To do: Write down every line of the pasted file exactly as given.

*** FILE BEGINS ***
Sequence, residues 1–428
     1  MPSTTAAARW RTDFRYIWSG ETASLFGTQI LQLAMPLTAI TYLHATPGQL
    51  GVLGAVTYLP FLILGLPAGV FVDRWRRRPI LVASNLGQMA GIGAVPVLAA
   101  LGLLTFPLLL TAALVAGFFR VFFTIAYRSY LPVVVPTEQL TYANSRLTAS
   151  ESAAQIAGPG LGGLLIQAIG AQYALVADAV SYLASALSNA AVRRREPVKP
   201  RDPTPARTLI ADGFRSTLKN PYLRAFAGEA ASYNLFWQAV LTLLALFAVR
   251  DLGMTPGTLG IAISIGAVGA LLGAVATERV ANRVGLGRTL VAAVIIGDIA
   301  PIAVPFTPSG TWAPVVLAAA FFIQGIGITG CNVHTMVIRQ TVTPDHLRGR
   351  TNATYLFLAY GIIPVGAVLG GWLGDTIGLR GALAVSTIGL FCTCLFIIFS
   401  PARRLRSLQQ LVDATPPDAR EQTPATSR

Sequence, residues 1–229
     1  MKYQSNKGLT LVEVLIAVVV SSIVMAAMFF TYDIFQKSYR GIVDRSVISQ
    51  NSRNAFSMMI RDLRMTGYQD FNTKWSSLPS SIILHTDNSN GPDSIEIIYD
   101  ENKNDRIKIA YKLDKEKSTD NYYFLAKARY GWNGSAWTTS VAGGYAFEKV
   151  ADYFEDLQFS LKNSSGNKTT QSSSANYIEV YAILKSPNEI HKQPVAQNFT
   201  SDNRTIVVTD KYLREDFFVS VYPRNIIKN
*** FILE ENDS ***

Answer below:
Sequence, residues 1–428
     1  MPSTTAAARW RTDFRYIWSG ETASLFGTQI LQLAMPLTAI TYLHATPGQL
    51  GVLGAVTYLP FLILGLPAGV FVDRWRRRPI LVASNLGQMA GIGAVPVLAA
   101  LGLLTFPLLL TAALVAGFFR VFFTIAYRSY LPVVVPTEQL TYANSRLTAS
   151  ESAAQIAGPG LGGLLIQAIG AQYALVADAV SYLASALSNA AVRRREPVKP
   201  RDPTPARTLI ADGFRSTLKN PYLRAFAGEA ASYNLFWQAV LTLLALFAVR
   251  DLGMTPGTLG IAISIGAVGA LLGAVATERV ANRVGLGRTL VAAVIIGDIA
   301  PIAVPFTPSG TWAPVVLAAA FFIQGIGITG CNVHTMVIRQ TVTPDHLRGR
   351  TNATYLFLAY GIIPVGAVLG GWLGDTIGLR GALAVSTIGL FCTCLFIIFS
   401  PARRLRSLQQ LVDATPPDAR EQTPATSR

Sequence, residues 1–229
     1  MKYQSNKGLT LVEVLIAVVV SSIVMAAMFF TYDIFQKSYR GIVDRSVISQ
    51  NSRNAFSMMI RDLRMTGYQD FNTKWSSLPS SIILHTDNSN GPDSIEIIYD
   101  ENKNDRIKIA YKLDKEKSTD NYYFLAKARY GWNGSAWTTS VAGGYAFEKV
   151  ADYFEDLQFS LKNSSGNKTT QSSSANYIEV YAILKSPNEI HKQPVAQNFT
   201  SDNRTIVVTD KYLREDFFVS VYPRNIIKN